Larson did not waive his right to have an attorney without a conflict of interest. The alleged conflict came about because Bauer was the attorney for David Makov, formerly charged in the case. Makov is going to testify for the government in the case, so this may be a conflict in representing Larson.
Roddy Boyd at the New York Post has picked up the story about Usana illegally recruiting new associates in China.
Boyd explains China’s laws like this: Continue reading
Mannatech Inc. fired its auditors, Grant Thornton, after refusing to comply with GT’s demand that Sam Caster be removed from all duties. Caster is the founder of Mannatech and the current chairman of the board. He resigned as CEO two months ago after Texas started legal proceedings against the company for making illegal health claims about their products.The Board says it didn’t remove Caster from his duties because it wasn’t “in the best interest of shareholders.” Mannatech’s SEC filing regarding the firing of the auditors said that there were no disagreements about accounting principles, audit scope, or financial disclosures.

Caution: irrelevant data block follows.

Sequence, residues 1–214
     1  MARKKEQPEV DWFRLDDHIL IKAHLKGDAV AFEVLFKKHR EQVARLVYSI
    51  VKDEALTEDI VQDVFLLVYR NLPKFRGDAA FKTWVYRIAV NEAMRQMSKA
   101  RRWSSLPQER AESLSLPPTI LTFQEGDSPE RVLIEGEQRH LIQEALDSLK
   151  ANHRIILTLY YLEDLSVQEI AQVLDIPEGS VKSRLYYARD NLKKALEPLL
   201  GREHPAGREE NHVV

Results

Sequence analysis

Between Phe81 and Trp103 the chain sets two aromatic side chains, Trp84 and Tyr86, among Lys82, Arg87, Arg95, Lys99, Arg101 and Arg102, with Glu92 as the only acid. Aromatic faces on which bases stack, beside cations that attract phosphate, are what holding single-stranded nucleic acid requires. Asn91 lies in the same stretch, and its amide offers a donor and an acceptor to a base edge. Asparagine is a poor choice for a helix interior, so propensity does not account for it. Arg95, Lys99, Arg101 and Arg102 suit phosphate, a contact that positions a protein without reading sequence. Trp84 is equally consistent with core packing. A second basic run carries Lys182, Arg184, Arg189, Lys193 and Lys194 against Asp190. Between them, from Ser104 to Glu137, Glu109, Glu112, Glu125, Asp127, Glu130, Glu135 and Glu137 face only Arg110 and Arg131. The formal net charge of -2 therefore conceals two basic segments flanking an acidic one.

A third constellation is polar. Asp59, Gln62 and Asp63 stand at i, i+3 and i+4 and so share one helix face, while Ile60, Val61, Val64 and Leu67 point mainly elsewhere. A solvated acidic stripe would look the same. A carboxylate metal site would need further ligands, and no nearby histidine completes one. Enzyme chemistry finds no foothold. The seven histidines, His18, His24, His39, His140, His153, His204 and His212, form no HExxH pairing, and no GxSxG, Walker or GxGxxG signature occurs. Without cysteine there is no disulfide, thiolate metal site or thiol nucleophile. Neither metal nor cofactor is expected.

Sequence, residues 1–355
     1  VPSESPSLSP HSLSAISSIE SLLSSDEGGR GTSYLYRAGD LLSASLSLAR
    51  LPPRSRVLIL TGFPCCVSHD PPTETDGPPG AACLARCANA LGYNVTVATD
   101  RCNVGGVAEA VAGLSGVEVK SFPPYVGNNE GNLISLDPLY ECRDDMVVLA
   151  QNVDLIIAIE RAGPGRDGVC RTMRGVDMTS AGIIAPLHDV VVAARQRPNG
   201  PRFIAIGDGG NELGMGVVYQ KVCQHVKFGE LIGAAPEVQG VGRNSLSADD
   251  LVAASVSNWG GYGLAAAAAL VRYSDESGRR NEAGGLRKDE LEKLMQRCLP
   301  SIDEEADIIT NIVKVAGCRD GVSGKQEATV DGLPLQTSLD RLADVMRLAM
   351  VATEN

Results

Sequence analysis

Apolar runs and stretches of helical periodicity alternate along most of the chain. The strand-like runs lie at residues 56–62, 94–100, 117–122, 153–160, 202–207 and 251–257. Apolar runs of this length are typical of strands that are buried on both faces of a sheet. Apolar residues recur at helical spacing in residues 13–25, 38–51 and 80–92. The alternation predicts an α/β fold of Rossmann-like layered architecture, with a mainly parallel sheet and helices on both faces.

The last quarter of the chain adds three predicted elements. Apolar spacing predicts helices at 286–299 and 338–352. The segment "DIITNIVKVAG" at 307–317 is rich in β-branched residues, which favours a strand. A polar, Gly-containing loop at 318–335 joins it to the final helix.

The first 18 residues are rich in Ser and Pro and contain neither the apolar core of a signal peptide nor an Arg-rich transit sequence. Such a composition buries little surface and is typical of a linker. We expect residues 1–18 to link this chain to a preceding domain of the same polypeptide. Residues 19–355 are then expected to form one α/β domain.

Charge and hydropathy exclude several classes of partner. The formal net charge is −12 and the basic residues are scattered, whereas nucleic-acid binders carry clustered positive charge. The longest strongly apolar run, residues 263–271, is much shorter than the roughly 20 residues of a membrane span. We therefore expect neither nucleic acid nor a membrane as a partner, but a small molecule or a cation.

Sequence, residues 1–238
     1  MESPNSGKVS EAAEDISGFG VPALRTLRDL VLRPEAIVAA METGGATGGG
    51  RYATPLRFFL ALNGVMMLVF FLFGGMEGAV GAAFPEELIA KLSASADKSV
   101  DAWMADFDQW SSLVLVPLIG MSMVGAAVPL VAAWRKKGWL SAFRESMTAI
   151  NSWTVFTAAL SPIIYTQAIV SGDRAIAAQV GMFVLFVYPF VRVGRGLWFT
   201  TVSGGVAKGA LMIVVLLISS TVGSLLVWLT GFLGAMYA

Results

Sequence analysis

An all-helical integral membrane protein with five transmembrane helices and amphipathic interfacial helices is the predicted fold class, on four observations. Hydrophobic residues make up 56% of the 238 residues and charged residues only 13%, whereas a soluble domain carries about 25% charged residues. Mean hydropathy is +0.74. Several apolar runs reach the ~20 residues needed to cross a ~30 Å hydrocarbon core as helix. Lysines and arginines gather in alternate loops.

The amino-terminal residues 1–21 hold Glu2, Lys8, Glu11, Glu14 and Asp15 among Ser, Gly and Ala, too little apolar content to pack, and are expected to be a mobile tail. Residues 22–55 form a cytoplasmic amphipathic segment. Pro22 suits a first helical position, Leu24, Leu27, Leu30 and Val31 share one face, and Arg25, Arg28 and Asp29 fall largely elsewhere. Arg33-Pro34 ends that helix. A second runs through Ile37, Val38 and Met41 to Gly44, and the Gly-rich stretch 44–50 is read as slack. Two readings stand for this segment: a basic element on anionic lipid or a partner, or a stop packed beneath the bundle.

The new auditors for Mannatech will be BDO Seidman.
I have been remiss in my duties…. I promised Timothy Sykes that I’d review his book, An American Hedge Fund on FRAUDfiles. And I still haven’t gotten around to it, thanks to an upcoming move of my office and a dozen other work-related things that have needed my urgent attention.
I promise to do a real review soon, but for now, this is it. I read the book a couple of months ago, and it was fantastic. Timothy basically took $12,000 from his bar mitzvah and turned it into over a milllion dollars in three years. He started his own hedge fund and had lots of ups and downs.